As I recently mentioned, Devon and I took advantage of the Columbus Day weekend to head up to Portland, Maine and their booming craft beer scene. In the morning I hit Urban Farm Fermentory, but the afternoon was all about a rising tide within craft beer...and the brewery that named itself after this industry-wide phenomenon, Rising Tide Brewing. Headed up by the husband and wife team of Nathan and Heather Sanborn, they're helping to take Maine into the next wave of craft brewing. Nathan is a long-time homebrewer and Heather is a lawyer by trade. So the responsibilities of owning a brewery are well handled by these two as Nathan brews and Heather handles sales. Having opened on a 40 gallon brew system, they've increased their brew system by over ten times and they're still facing supply issues! Between a regular lineup of beers and regularly released limited brews, they keep this brewery growing and maintain the ethos of homebrewers at the same time. We got to hang out at the brewery for a while and then went to dinner at Portland's preeminent beer bar, Novare Res, with Heather and Nathan. Getting to know these folks was a pleasure. They make great beer and speak highly (and are friends) with so many people in the industry. They recently entered the Massachusetts market and, once you try their beer, you'll realize it's not wonder why they're doing so well in both Maine and Massachusetts. If you haven't tried their brews yet you'll want to go get some...or at least come out to Drink Craft Beer Fall to Winter Fest to try what they're all about! Now, let's hear it from their own mouths'.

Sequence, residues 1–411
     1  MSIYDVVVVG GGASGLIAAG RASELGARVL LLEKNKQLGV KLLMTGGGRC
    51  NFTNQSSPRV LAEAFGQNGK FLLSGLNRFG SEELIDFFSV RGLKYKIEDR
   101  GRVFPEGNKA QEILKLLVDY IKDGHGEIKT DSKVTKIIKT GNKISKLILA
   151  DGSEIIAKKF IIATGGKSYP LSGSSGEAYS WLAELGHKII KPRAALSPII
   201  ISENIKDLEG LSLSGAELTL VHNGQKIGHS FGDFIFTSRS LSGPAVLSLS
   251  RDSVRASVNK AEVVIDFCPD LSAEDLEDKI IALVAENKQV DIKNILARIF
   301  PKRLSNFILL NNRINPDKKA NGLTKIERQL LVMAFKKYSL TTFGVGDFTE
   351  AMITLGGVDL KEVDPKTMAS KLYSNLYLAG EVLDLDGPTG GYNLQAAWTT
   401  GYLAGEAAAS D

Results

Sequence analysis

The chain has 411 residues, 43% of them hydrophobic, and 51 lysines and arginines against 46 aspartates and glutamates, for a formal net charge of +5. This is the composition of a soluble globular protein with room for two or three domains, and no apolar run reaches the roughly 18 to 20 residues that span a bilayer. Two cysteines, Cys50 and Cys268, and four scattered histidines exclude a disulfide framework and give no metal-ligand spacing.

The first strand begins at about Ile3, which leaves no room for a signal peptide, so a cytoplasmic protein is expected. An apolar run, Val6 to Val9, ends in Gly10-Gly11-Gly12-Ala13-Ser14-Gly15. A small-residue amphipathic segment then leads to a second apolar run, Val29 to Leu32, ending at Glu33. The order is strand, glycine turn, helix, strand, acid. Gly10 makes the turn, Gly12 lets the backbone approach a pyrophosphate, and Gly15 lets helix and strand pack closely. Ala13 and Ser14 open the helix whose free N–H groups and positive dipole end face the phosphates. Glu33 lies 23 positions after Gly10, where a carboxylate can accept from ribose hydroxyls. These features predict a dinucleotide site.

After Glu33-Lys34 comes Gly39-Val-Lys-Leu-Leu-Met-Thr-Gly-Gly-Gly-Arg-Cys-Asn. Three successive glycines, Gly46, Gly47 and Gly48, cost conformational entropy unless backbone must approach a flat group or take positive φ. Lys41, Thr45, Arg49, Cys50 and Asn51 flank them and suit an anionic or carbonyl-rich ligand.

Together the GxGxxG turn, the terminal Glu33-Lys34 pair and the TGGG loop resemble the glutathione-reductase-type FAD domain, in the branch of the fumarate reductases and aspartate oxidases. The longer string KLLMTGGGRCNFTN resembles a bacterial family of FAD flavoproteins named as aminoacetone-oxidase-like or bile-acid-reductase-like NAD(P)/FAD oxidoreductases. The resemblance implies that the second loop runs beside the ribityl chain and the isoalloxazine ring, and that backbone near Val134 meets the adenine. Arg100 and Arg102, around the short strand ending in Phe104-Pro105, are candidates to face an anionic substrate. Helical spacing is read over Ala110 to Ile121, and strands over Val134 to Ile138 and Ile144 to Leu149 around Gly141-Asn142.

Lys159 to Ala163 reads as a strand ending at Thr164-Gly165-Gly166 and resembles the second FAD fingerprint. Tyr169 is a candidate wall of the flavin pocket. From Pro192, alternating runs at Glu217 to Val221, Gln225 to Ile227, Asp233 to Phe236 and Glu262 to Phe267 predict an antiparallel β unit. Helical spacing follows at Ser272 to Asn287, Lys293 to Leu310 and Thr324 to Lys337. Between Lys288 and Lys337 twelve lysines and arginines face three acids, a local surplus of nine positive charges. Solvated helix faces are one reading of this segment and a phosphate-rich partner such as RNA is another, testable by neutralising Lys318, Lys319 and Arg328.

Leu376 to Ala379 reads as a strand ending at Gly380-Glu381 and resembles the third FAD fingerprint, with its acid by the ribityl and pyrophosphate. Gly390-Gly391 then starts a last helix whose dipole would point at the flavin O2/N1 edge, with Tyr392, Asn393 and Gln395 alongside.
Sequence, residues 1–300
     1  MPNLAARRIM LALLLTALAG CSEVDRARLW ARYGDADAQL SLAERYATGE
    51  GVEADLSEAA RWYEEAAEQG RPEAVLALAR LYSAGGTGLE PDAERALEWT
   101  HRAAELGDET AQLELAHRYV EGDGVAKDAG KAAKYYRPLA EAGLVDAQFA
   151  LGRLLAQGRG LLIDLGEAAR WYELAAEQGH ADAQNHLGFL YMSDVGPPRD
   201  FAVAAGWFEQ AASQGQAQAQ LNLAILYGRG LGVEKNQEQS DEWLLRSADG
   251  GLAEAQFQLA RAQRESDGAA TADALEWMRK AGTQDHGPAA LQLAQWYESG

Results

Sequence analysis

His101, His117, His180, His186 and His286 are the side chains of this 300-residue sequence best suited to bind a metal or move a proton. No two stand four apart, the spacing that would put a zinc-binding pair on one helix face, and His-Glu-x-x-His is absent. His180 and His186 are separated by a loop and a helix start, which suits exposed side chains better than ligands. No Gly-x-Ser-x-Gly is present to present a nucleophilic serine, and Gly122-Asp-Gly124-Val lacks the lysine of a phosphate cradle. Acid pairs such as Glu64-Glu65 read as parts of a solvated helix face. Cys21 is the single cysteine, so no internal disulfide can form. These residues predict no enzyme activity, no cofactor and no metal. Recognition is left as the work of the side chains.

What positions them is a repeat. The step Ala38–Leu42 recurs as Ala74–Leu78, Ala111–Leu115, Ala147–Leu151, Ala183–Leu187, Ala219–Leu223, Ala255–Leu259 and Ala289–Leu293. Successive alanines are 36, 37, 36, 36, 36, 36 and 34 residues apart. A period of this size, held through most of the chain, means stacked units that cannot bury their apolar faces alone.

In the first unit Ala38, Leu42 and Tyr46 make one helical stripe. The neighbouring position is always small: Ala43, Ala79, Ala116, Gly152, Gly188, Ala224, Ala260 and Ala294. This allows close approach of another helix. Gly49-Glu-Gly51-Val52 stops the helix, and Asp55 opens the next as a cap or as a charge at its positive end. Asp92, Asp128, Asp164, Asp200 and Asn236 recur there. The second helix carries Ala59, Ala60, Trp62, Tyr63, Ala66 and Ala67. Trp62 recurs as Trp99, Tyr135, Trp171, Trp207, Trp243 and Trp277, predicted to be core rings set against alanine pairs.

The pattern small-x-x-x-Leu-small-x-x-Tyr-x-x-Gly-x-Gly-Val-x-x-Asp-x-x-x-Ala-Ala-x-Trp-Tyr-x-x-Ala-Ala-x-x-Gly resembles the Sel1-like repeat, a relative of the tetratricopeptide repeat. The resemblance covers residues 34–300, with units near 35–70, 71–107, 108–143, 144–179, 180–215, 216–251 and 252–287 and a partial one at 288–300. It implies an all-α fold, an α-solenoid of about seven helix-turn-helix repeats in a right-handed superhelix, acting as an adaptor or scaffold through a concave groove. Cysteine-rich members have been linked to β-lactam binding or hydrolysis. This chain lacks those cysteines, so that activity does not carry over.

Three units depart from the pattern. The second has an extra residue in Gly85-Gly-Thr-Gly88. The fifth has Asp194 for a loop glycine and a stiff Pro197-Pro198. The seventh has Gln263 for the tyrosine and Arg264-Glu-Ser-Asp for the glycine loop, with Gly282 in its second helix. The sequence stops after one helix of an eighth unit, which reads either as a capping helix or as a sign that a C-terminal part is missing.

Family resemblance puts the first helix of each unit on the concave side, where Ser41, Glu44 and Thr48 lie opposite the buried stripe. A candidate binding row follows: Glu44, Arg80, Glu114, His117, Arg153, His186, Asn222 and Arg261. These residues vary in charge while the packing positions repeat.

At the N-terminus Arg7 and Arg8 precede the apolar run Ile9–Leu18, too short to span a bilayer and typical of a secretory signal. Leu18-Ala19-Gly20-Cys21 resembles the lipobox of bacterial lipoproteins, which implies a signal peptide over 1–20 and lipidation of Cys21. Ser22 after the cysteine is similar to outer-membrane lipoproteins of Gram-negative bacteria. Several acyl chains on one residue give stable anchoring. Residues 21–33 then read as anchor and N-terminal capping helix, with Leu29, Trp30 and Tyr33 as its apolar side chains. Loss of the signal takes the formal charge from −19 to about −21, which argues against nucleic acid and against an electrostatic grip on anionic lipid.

Drink Craft Beer: How did you get into craft beer?
Nathan Sanborn: I was a home brewer for many years. When I was heading off to California in the fall of 1997 to be a ski bum, among the important things I packed into my little Toyota Tercel was my dad's brewing equipment. I did a ton of brewing for several years, approaching it with the same over-the-top sensibility as I tackle most things: I brewed a single batch of extract with specialty grains before moving to all-grain brewing by my second batch. I took a bit of a hiatus from brewing after my son was born in 2003, but after a couple of years was back at it and really began to harbor a dream of taking my hobby to the next level. I think most moderately serious home brewers have the same thought.